by: Idris Mootee
I have not written a post on design for a little while. I do enjoy writing about design rather than business and strategy. Maybe I wrote everything about that in my previous life. I was drinking from these beautiful limited Evian bottles (limited edition designed by Christian Lacroix, click on the picture above to see the details) that I purchased from Whole Foods two weeks ago and it sparks a few thoughts on design. I also talked to some creative folks from OCAD at the Innovation Exchange and I think there’s a lot of exciting things going on there. I plan to follow up with a visit in the next few weeks. Now back to design.
I recall reading a book on Design by Bryan Lawson a while ago, he is both an architect and a psychologist. Many of his ideas can apply to interaction design as well as other design disciplines. He acknowledges that design is “an everyday activity that we all do.” However, “professional designers also design for other people rather than just themselves,” and “are better educated and trained.” This juxtaposition serves me as I have a similar view on this.
Lawson believes that the models of design are too logical and not actually useful for practitioners. Lawson says, “Designing is far too complex to be describable by a simple diagram.” This idea is in part my motivation for my paper, having encountered quite a few models that illustrate the design process only to feel like they weren’t quite right, and certainly, never actually using them when it comes to the actual process. “We probably work best when we think least about our technique.”
I’ve seen hundreds of design processes that are anti-design in nature. They force a linear process-driven approach to design as if it is a production line. (Six Sigma for Design? No thanks) Process schools like a form-driven problem-solving approach. These schools trace their linage back to the advanced program of the Kunstgewerbeschule in Basel (Switzerland). These Swiss-style process schools thrived mainly as a response to the slickness of the portfolio schools. The portfolio school has a different approach and is more mercenary in my view and end-product driven. The problem-solving approach is more conceptual and the product rather than the process is king. The two schools don’t get along well naturally.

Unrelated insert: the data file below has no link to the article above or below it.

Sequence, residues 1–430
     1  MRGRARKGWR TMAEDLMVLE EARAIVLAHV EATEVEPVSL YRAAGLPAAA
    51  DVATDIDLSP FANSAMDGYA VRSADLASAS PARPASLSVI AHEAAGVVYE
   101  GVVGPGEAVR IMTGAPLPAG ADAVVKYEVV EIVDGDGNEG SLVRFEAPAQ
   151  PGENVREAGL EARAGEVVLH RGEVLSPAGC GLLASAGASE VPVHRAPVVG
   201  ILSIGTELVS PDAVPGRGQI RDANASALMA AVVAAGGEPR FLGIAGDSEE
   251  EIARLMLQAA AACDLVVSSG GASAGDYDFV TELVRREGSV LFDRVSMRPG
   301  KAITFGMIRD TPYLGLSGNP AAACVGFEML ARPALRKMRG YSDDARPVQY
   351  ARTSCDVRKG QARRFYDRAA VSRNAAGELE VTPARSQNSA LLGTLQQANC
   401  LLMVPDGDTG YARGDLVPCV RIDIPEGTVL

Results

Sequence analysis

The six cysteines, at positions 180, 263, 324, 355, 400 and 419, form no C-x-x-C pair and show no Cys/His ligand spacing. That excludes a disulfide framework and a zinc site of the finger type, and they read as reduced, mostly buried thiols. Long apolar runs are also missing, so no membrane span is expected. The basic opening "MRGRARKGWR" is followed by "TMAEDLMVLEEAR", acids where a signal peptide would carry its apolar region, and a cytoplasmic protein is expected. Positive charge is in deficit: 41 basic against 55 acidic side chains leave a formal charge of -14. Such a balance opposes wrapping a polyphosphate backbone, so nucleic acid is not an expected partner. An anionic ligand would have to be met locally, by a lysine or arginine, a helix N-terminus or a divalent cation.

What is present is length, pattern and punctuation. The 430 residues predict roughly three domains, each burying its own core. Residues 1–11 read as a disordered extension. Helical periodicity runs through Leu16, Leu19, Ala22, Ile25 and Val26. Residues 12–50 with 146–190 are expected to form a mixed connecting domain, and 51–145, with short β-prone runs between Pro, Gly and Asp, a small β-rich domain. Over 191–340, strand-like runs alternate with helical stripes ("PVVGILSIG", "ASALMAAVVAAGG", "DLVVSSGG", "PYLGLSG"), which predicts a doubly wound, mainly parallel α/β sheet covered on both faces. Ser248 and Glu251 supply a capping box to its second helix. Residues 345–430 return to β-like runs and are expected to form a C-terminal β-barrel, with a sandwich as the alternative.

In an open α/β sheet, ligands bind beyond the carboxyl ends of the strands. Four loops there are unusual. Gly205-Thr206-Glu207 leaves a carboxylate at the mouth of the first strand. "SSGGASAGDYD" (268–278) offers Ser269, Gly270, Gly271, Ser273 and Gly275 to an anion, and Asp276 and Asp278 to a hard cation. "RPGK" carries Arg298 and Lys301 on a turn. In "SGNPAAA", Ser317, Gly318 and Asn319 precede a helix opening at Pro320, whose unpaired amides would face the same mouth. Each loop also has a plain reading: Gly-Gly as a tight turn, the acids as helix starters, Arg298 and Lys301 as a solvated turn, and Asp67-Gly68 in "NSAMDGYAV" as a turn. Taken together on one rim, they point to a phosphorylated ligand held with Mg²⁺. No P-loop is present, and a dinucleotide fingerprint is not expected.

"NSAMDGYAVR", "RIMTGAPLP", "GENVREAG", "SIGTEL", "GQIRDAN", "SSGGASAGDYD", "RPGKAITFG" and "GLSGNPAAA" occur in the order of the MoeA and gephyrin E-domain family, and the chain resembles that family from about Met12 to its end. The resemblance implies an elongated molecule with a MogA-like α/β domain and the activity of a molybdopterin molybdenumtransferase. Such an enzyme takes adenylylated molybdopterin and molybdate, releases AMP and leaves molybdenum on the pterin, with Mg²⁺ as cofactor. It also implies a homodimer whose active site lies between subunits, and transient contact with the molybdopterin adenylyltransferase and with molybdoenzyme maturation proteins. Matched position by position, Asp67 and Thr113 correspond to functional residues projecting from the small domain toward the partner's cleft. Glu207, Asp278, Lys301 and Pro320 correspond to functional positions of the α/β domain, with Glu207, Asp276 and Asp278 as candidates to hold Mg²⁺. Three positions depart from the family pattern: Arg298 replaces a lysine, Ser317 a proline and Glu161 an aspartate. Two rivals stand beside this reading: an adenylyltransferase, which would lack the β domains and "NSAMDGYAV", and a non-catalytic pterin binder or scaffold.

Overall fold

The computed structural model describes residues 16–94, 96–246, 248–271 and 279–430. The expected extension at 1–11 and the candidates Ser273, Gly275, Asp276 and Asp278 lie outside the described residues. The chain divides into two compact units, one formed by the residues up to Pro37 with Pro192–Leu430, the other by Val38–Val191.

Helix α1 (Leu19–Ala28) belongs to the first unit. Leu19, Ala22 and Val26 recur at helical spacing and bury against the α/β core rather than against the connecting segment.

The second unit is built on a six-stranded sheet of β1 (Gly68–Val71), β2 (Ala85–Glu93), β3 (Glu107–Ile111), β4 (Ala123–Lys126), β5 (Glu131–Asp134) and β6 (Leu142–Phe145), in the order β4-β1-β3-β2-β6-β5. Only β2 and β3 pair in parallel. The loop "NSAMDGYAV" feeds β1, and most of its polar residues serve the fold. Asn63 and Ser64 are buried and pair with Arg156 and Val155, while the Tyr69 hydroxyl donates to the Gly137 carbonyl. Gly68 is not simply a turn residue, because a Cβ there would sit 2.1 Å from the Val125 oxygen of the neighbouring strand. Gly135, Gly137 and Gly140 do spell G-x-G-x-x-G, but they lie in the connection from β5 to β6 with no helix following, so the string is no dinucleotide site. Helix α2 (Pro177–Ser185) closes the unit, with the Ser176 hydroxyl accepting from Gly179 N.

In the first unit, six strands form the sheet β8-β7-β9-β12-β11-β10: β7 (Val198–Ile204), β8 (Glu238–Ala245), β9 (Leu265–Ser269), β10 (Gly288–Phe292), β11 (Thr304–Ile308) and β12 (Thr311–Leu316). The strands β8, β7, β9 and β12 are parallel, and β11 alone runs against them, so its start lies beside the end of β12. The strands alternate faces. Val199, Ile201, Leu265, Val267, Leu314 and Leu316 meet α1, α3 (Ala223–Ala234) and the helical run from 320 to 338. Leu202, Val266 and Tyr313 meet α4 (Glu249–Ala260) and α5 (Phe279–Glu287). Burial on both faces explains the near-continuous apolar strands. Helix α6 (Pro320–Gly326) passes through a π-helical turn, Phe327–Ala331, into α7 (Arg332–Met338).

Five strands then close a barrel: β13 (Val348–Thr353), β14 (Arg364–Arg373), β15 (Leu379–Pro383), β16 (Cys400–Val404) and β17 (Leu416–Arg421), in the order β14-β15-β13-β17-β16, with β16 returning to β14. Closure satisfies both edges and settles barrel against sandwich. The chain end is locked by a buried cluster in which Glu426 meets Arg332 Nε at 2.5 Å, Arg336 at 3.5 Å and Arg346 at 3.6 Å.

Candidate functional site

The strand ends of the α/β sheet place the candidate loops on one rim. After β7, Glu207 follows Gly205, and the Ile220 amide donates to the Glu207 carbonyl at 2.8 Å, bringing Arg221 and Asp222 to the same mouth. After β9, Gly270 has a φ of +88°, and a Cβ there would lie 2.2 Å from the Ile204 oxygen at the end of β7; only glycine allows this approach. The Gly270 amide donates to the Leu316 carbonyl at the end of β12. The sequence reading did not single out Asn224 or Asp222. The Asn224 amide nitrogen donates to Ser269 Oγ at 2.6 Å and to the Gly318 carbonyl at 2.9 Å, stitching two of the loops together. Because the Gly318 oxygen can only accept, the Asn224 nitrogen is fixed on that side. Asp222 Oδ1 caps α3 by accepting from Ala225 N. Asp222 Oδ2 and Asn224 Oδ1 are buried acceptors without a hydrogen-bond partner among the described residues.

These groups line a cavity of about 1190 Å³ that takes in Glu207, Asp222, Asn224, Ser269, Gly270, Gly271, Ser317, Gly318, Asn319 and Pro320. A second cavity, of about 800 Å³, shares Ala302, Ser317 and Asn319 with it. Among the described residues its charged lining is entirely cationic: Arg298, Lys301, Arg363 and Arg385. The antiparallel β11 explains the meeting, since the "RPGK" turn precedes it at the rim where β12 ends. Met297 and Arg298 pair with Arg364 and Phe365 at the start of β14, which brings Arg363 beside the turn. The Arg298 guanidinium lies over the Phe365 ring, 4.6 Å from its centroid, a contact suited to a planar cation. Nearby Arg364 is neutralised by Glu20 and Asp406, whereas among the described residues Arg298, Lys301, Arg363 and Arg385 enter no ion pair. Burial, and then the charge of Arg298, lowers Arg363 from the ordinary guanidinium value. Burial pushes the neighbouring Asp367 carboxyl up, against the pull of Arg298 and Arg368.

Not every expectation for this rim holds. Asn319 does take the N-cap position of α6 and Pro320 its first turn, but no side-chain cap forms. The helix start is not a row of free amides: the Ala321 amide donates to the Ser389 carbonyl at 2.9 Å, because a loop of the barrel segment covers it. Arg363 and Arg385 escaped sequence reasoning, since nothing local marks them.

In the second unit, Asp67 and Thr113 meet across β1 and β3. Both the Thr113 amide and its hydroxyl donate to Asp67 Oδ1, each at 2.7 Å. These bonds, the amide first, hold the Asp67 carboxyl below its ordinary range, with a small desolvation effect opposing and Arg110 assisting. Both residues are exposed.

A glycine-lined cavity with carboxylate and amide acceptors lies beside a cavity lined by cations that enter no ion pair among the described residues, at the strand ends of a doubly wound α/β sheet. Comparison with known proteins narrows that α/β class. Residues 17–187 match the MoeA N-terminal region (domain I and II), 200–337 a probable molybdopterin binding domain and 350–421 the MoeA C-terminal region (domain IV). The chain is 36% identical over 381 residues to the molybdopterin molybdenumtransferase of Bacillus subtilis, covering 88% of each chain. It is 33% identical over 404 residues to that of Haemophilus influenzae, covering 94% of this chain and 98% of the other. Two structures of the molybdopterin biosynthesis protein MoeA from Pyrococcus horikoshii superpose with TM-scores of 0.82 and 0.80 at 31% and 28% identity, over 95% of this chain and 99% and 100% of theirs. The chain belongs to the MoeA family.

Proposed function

It doesn’t matter which school you are from, if you think that every problem in this world has a pure visual solution that exists outside the cultural context, you have a serious problem. That’s often the biggest limitation of designers. Designers’ job is to translate everything within a special user and a cultural context. Design is not process-driven and any methods of science are in fact unhelpful to the designers. There are intimate relationships between observing, reflections and inquiring and this is how design happens. “Good designers tend to be at ease with the lack of resolution of their ideas for most of the design process,” says Lawson. And for those who are not at ease, the design process is painful and unproductive.
Massimo Vignelli (Martin Scorsese of Graphic Design, see his work below) earlier declared "Helvetica in the morning, Bodoni at night" in response to a panelist asking what his favorite typeface is, but the most brilliant response was Vignelli's "In the States" when asked what was the worst use of Helvetica he had ever seen.
Here are good nuggets from Massimo Vignelli when he spoke at an AIGA event, the comments in brackets are mine:
“Without a grid I’m lost” (I use a grid not only for design but also for strategy mapping. I often swap tools from different disciplines and it works for me all the time.)
“A chair is more important for your head than it is for your ass.” Discussing his love for a Rietvelt chair. (This one is interesting. Everybody should be designed for the head first.)
“Design and fashion are big enemies” (Oh yes, good design should be anti-fashion, if it ends up being fashionable it should only be by accident.)
“The culture of refinement is much bigger than the culture of change.” (Think about incremental innovation vs radical innovation.)
“There is no room for irresponsible design.” (Design has a long history of addressing issues relating to social responsibility such as ecodesign, inclusive design, design for disability, and eco-efficient innovation, design against crime and design for lower income etc.)
“The opposite of modern is contemporary. Contemporary is trendy” (The opposite of trendy would be -- fascination with old things -- called? Gentrophilia. And that could be trendy too.)
“We never figured out how to make politicians modern. They’re still old farts. Except Gore, we miss him.” (Gore is an exception. We need more politicians like him.)
I love the last one. It is time to make politicians modern. It is time to make government modern. It is time to make every Non-Profit Organization modern. It is time to make a B-School modern. If you ask me: what is a designer? Here is my answer:
Design is about “translation”. Designers are “translators”. They translate needs, culture and meanings into products and services. The design process is a “translation” process. Yoshiaki Koizumi (director of Nintendo's biggest Wii game yet, Super Mario Galaxy) sees his job requires him to "translate" the maestro's often-inscrutable insights into real-world gameplay.
Design is more than simply a form-giving activity—it is a strategic issue related to changing from existing to preferred states. Design is concerned with imagining how things can be different (for the better), and transforming strategic aspirations and desired futures into reality in a social responsible manner.